Friday, June 29, 2007

We had a good time last night at the girl scout outing to the Ducks baseball game. It was pouring down rain on our way there, and the game got off to a late start at 8pm, even though it was still raining. She enjoyed being there, watching the game and the hot dogs of course. Here is a picture of Hannah with Dad, Diane, Colby, Abby and Isabelle. And another picture of Hannah with QuackerJack, the Ducks team mascot. We left in the 3rd inning, at 9:30pm since it's an hour ride to get home. We did end up getting tickets to another game, due to the rain delay, so we might go again next week, we'll see.

Some good news, Hannah's MRI results looked good, no tumor regrowth. I have yet to see the full report, but we are so happy that the tumor is at least at bay. Hannah and I were talking tonight before bedtime and I mentioned to her that her MRI and her audiogram came out great. She asked me what the MRI showed, and I said that it showed her brain was there, and working. But, she kept pressing the issue, and asked me if it showed were the tumor was. I told her, yes, it showed that the tumor was GONE. Then amazingly, she told me she wanted to see side by side pictures of her MRI with the tumor and the MRI without the tumor. Sometimes, she is smart beyond her years.

I then spent some time talking to her about her port and how we could make the whole experience better for her. I told her we could brainstorm ideas for how to make it easier for her. She said all the ideas I had were "dumb", and most of them probably were, but I was just trying to come up with something that she may be able to latch onto to take her mind off of the whole thing when they have to access her. I'm going to keep trying this approach of just offering other ideas until maybe she finds something she likes that may help her. She said she doesn't like it when they have to hold her down. None of us do.


Thursday, June 28, 2007

Hannah went yesterday for her Audiogram and a follow up MRI. One of the chemo drugs is very ototoxic (damaging to the hearing), so they monitor that very closely. As soon as they see her hearing start to drop off, they decrease the drug dosage. So far, all is good, she actually tested better yesterday than on her test 3 months prior. She had ear wax removed from her ears by Dr. Mercier, so that could possibly be the cause for the slightly better test.

Then it was on to the MRI, which she doesn't mind, all except for the dye they had to inject into her port. Anything to do with that port is traumatic, so she was upset that they had to inject her, and then more upset when they said they could not deaccess her (which we were told they could do and did all the time.) So, after the MRI we had to trudge back over to the clinic to get the nurses to do it. We made it just before they left for the day, otherwise I would have just deaccessed her myself when we got home.

Now we wait on the results from the MRI. The waiting game is not a very fun game, but we just try to think positively and remember the words her neurosurgeon said after we forwarded him the last MRI in May ("her brain looks perfect").

The girls and I just got home from taking Riley to his first trip to the beach. Last year we discovered that he actually liked to swim in the bay! We throw the ball in and he goes right out and gets it. We love to watch him swim. This beach also is a good beach for beach glass, which Hannah and I love to collect. We have to be very careful about Hannah getting sun on any spots that had radiation, so I don't know how much we will be at the beach this year, but today was very nice, we had the whole place to ourselves. A little bit of normalcy.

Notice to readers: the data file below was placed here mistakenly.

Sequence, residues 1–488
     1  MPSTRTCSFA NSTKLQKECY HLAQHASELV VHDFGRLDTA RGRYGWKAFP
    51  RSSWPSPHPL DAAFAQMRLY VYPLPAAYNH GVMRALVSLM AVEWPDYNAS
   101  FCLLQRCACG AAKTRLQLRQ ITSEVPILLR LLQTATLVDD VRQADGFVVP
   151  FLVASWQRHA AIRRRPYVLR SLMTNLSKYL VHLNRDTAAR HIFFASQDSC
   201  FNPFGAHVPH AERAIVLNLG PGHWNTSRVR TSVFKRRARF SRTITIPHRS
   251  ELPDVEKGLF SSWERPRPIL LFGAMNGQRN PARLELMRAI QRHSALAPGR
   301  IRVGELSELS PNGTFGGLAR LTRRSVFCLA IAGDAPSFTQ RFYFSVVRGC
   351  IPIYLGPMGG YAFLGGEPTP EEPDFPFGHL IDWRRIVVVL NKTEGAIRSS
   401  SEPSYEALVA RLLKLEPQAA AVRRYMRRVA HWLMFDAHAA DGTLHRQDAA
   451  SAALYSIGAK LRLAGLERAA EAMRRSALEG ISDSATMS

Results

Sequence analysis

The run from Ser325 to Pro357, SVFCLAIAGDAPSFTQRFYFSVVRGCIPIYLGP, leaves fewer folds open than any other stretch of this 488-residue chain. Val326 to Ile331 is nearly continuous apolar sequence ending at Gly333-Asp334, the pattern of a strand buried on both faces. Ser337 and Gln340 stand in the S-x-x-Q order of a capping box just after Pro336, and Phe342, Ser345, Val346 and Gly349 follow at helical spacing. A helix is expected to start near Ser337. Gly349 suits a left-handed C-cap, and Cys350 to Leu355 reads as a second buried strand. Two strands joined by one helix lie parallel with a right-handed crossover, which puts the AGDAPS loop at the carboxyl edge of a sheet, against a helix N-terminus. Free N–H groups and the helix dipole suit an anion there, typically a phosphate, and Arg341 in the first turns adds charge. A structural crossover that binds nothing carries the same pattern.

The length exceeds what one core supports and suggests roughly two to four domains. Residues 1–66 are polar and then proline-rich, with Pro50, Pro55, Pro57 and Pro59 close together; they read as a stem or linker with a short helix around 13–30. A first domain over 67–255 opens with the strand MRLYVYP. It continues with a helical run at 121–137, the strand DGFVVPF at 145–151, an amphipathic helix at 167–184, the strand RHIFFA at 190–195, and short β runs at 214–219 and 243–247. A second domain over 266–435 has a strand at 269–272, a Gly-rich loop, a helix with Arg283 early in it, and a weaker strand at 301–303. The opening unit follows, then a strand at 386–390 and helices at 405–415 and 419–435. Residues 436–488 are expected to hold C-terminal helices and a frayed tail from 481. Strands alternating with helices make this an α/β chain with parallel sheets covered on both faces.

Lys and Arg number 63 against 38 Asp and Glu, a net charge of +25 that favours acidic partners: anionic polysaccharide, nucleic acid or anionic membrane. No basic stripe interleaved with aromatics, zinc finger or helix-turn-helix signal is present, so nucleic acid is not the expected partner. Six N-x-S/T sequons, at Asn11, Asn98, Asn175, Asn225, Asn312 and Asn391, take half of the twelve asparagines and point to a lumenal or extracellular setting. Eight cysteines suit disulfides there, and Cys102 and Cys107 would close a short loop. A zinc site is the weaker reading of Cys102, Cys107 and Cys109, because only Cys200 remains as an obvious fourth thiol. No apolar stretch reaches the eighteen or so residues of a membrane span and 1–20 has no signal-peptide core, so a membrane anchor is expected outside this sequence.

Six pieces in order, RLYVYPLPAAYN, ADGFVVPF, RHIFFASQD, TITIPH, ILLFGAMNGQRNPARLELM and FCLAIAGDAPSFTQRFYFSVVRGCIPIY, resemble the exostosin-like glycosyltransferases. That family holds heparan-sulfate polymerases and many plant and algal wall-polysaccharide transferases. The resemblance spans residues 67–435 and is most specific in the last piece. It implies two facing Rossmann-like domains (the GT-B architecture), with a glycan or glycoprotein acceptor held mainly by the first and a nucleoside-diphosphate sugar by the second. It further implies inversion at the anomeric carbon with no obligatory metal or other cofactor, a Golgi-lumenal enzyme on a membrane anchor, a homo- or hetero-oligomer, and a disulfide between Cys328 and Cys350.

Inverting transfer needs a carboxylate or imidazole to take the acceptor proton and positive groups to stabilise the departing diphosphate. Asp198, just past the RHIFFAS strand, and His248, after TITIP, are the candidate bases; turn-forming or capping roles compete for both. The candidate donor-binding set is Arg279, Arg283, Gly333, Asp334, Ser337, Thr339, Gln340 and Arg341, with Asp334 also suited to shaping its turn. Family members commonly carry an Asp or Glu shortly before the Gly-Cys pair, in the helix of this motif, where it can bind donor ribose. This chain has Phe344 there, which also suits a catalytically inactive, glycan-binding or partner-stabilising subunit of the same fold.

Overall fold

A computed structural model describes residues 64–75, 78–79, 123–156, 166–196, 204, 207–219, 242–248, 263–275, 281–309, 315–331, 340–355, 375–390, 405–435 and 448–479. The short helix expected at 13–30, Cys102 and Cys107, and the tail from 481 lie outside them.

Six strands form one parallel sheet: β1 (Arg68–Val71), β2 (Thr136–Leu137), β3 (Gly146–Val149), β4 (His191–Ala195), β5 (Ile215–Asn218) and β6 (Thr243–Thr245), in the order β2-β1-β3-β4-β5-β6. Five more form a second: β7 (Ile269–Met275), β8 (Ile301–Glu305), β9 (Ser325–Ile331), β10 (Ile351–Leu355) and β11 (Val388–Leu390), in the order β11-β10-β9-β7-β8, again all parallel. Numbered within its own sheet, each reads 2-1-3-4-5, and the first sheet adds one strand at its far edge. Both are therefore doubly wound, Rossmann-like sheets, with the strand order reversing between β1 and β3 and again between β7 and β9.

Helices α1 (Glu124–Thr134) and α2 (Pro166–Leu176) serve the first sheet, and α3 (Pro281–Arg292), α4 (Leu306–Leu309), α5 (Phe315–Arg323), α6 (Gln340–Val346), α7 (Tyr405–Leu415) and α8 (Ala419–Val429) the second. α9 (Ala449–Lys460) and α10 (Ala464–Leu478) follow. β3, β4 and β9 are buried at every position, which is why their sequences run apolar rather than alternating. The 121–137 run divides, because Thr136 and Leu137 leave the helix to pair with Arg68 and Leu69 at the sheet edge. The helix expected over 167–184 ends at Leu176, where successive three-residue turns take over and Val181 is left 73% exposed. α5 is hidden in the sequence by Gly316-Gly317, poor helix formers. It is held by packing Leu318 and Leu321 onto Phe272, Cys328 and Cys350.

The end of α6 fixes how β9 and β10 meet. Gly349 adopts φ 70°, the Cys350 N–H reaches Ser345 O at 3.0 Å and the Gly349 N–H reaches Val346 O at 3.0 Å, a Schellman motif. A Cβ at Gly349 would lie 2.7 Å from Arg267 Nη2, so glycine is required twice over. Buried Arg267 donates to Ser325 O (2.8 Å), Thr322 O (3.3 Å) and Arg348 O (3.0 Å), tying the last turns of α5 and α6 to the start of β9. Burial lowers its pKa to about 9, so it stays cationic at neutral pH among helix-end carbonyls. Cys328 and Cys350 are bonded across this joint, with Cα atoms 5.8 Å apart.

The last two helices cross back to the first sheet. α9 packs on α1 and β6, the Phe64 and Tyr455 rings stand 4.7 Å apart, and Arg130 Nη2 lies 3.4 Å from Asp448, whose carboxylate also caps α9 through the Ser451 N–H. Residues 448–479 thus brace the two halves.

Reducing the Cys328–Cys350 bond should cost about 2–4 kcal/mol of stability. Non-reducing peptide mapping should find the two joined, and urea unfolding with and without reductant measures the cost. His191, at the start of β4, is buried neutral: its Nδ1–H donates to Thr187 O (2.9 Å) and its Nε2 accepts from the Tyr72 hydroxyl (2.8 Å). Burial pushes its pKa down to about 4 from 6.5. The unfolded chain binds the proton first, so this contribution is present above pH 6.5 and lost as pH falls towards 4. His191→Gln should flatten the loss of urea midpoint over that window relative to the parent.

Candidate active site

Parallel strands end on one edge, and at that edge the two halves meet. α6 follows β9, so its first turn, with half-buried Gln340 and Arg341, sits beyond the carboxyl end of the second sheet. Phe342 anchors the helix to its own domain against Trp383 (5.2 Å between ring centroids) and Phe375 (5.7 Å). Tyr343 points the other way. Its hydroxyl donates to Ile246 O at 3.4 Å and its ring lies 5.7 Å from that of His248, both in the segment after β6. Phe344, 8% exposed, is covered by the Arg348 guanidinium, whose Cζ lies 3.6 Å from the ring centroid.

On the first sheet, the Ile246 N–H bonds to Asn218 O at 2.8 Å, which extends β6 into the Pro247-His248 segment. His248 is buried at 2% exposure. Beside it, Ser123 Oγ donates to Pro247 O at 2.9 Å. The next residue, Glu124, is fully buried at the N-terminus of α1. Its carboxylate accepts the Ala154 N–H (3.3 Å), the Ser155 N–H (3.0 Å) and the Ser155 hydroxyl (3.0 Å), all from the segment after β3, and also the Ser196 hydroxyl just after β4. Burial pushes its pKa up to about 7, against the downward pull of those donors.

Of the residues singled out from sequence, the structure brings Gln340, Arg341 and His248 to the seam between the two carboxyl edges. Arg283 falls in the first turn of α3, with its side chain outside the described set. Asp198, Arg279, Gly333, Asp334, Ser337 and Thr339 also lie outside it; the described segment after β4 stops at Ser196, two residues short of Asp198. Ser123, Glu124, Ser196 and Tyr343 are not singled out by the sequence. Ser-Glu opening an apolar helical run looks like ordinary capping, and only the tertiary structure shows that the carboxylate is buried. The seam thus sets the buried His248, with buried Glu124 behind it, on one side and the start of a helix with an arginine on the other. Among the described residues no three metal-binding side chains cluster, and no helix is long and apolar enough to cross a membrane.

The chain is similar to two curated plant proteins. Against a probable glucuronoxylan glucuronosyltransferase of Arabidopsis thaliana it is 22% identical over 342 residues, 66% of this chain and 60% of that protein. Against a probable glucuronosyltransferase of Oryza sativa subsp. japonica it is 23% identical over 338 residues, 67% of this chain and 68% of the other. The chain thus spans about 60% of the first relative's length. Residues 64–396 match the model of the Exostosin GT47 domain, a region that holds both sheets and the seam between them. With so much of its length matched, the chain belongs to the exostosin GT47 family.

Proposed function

Tuesday, June 26, 2007

Today was Hannah's second Tuesday of this chemo cycle. Again, no effects yet from this chemo. She has however, started to become more adamant and boisterous about her displeasure with the chemo, in particular putting in or taking out the needle from her port. She has gone from disliking it, but tolerating it, to outright screaming, and we have to hold her down. They told me today it is common, but it's not easy to go through for me or her. She begins the night before saying she is just not going the next day, then she usually has one or two crying spells about not wanting to be accessed. We try to distract her, but it's not really working any more. At least it is short lived after the needle is in and after it comes out.

She was however, very proud of her bandaid collection today. Last week we had picked up a small rolling bag, so that all of her collection would fit. It was so much easier, because she could bring it in today by herself, and it was one less thing to carry. Of course the first question everyone wanted to know was what new bandaids she had since last time. She showed them her animal bandaids from Joe and Colleen, her new Boston Red Sox Bandaids-which she says we're not allowed to use, she is saving them, her new tatoo bandaids from Aunt Susie, her Hello Kitty bandaids from Mrs. Baker, her new bandaids from Miss Trish in IN and her assortment from Mr. Tom and Mrs. Debbie, Grandma's friends in Indiana. She even shared her collection today with another little boy we finally met. We had seen this little boy a few times at clinic, and noticed his scars looked exactly like Hannah's. Come to find out, he had the same surgeon that Hannah did, and they live in Centereach. Today I spoke with his mom, and he does have medulloblastoma also, although his is large cell anaplastic medullo, which is what Hannah's was thought to be at first, and he had two spots on his spine also. LC/A Medullo is more serious than standard medullo, and treated more aggressively. He is such a sweeet little boy, 5 years old and needed a new bandaid. There was Hannah to the rescue, with many to choose from.

They left Hannah accessed today because tomorrow she goes in for her 3 month follow up brain MRI, and she will have an audiogram as well. Another trip to New Hyde Park, thank goodness for the entertainment system in the car, it's been absolutely wonderful for the long drives there and back.